Office lighting is a key component of any commercial-building project. The quality of light impacts employee productivity, employer energy costs and more.
Beginning Jan. 1, 2017, four major changes to the California office-lighting code, also known as Title 24, have been implemented. To get the lowdown on the new requirements, I recently attended a PG&E course at the PG&E Energy Center in San Francisco called "Title 24 Part 6 Essentials — Standards and Technology for Office Lighting."
First, in the new code known as 2016 Title 24, lighting power density allotments have been reduced for indoor and outdoor spaces. These will affect projects using all three compliance methods, such as the area category method, total building method, and tailored method. These changes will increase energy savings.
Second, updates to the power adjustment factors have been crafted. Two updates have been added to the code that promote institutional tuning and daylight harvesting. In addition, three power adjustment factors have been eliminated because the control strategies are now mandatory.
Third, multilevel control requirements have been simplified. For example, if multilevel lighting is required, multilevel controls only require the designer to activate the necessary steps instead of also making that person be concerned with manual dimming, tuning, lumen maintenance and more.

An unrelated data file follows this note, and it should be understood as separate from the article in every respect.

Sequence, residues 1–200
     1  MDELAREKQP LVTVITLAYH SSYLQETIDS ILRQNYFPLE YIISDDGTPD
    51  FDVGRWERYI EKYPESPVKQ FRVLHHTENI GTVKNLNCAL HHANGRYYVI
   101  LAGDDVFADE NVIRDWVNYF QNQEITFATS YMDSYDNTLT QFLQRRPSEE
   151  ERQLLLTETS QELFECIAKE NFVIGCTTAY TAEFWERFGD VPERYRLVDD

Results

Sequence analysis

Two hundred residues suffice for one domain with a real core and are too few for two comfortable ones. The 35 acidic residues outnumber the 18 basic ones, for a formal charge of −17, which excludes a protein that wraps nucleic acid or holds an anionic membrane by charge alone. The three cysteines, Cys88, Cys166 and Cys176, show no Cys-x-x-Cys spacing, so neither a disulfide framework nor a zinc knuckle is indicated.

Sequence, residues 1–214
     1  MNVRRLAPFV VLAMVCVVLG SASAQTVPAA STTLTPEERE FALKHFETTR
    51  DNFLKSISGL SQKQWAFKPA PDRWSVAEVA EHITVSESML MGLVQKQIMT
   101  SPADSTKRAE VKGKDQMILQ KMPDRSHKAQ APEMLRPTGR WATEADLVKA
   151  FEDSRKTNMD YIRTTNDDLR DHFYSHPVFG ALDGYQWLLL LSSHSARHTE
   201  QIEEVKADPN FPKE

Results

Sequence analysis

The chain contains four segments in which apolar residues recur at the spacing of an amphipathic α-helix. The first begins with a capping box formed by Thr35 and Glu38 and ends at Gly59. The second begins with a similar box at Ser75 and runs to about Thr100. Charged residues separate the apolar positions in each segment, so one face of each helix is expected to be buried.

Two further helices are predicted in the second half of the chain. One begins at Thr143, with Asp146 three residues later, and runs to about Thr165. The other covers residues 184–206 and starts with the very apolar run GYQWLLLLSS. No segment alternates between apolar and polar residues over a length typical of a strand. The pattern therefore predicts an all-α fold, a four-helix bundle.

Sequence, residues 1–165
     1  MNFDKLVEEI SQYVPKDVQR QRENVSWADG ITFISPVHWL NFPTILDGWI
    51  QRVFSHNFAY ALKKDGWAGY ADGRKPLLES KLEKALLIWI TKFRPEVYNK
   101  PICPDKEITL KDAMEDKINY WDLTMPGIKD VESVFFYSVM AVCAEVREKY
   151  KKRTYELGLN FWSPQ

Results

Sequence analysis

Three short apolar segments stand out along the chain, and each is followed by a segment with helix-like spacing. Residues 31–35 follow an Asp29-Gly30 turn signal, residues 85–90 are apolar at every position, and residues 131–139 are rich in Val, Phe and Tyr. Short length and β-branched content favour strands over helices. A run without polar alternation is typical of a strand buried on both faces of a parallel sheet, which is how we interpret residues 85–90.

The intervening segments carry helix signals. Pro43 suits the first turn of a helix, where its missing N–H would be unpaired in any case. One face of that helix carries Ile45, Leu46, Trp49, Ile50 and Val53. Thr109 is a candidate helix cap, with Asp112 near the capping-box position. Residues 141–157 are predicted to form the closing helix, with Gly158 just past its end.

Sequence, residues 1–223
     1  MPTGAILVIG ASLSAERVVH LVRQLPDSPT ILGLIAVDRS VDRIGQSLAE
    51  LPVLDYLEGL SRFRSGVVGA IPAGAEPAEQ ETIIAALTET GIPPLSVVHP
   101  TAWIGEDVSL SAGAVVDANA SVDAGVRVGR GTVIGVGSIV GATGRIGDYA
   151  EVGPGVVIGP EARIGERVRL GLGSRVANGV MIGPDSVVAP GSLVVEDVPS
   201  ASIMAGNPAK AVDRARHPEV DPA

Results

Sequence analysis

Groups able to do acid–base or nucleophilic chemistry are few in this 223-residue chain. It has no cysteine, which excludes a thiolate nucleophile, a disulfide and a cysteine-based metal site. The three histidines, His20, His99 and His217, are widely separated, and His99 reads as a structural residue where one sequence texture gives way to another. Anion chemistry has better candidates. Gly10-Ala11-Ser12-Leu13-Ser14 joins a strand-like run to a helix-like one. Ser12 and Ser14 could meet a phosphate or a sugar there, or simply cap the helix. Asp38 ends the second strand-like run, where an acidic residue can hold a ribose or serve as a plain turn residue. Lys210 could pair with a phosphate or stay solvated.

Finally, more projects will be exempt from alteration requirements. A requirement in the existing code (adopted in 2014 stated that projects addressing 40 or more luminaires were regulated under the standards. The threshold will increase to 70 luminaires, or up to a maximum of 10% per year, on Jan. 1, 2017. This change ensures a bigger portion of projects containing maintenance will avoid additional lighting control and power density requirements intended for larger system retrofits.
Want to find out more about how to best adapt to the changes? Please contact me at firstname.lastname@example.org.